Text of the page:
Posted August 5, 2011, by Clark Vance (cvance [at] dogmail [dot] com)

According to the MO historic bridge inventory, 1929 is correct and pretty well documented. This is a late Standard build.

http://epg.modot.mo.gov/documents/Historic_Bridge_Inventory/...

You can find it easily in the pdf bookmarks. They call it the Blackwater River Bridge.

I got the name Hoblett Bottom from a local I talked with. He looked over my map and gave me a couple of names for bridges in the area. He didn't know how to spell the name so I looked for families with similar names in the area.

Hoblett Bottom Bridge
Posted August 5, 2011, by Tony Dillon (spansaver [at] hotmail [dot] com)

I was looking at the other spans credited to the Standard Bridge Company which all date between 1908 and 1914. The 2 exceptions are this bridge and another demolished one that was in this same county. They are both pin-connected structures with a 1929 build date listed. I will assume that this is some sort of default date as both appear to be somewhat older.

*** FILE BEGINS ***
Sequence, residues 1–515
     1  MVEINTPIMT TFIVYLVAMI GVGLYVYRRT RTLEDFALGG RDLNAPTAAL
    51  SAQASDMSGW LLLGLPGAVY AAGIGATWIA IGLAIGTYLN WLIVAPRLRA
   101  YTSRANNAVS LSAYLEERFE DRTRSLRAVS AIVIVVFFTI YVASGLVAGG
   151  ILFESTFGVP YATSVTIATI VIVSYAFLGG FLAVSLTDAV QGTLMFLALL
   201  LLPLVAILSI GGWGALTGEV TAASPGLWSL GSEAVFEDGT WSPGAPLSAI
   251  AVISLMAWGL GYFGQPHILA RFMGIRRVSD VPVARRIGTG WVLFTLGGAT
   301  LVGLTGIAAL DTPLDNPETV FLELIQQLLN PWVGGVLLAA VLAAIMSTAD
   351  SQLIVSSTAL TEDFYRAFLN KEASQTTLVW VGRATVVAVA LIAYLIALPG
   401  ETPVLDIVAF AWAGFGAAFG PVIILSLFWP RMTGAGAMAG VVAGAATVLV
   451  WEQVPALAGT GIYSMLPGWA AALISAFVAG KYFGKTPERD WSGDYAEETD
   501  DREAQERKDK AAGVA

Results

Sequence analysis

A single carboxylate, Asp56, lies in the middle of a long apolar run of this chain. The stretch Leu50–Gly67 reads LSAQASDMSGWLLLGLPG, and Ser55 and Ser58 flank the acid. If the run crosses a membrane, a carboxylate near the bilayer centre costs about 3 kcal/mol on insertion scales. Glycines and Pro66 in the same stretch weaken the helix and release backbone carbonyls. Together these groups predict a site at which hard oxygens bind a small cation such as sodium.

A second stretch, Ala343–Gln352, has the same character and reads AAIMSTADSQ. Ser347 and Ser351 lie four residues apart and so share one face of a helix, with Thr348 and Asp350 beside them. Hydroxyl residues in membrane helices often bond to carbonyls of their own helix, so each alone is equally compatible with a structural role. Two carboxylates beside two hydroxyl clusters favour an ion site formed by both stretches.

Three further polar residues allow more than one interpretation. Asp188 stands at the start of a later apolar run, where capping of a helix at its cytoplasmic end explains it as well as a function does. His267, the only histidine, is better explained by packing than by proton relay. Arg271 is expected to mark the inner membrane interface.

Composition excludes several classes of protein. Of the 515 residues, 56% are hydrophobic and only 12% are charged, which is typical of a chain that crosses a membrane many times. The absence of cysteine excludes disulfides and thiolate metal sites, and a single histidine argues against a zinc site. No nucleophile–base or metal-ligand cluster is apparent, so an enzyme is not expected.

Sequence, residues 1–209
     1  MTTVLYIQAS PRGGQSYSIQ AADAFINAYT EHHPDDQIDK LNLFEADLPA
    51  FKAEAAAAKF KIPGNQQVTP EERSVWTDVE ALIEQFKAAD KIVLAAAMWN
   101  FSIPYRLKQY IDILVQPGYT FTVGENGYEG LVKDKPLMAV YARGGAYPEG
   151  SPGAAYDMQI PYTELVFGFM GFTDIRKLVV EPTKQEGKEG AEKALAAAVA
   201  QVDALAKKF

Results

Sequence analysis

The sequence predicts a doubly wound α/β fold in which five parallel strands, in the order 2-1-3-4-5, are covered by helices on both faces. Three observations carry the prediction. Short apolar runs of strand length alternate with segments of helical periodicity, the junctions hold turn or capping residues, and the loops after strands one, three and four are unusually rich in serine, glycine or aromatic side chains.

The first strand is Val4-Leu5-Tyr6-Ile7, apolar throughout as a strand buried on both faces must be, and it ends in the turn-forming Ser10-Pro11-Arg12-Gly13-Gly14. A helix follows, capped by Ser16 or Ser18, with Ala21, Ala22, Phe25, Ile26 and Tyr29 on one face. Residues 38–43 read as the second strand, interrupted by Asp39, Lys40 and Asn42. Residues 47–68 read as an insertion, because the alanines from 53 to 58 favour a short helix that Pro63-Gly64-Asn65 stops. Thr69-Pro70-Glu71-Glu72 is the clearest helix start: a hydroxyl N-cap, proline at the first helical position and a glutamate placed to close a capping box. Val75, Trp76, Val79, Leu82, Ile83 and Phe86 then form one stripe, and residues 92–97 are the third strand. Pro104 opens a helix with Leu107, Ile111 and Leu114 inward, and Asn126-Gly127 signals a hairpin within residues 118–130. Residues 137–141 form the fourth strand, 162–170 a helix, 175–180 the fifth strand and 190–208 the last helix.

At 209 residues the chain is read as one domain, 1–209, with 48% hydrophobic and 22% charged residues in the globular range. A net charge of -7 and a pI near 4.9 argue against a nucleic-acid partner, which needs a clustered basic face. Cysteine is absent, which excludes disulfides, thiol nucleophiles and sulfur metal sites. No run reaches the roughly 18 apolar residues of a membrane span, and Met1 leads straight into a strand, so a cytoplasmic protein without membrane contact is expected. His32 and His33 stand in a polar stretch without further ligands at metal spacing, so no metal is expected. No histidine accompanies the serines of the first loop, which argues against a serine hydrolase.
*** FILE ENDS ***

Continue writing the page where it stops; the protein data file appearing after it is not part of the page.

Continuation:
Hoblett Bottom Bridge
Posted August 5, 2011, by Nathan Holth (form3 [at] historicbridges [dot] org)

The metal plates on the deck have rivets that have cone-shaped heads. This makes me suspect the plate is salvaged and reused boiler plate.

Blackwater River Bridge
Posted August 4, 2011, by Clark Vance (cvance [at] dogmail [dot] com)

Some pros for summer bridgehunting: The truck can get through bad roads, light clothes, safe climbing. Cons: Sweat, ticks, spider webs, leaves.

This was a surprisingly large bridge. The county road map (2005) still shows the road crossing, so I assume the road is still public. The road is just graveled ruts but it is suitable for most cars clear up to the bridge on the south. I didn't walk the north side but it looked a lot more overgrown.

Blackwater River Bridge
Posted January 15, 2010, by Anthony Dillon (spansaver [at] hotmail [dot] com)

Just bought my second Lumix camera.......they are like my children!

Blackwater River Bridge
Posted January 15, 2010, by Robert Thompson

Tell me about it. I just wiped out my nice Fuji with image stabilization in December. But I have a track record of wiping out a camera every year or two, because of the things I do in my spare time.

RKT

Blackwater River Bridge
Posted January 14, 2010, by Anthony Dillon (spansaver [at] hotmail [dot] com)

Jason..........Sorry but I posted a picture of the High Banks Bridge in Delaware County, Indiana on this bridges' page.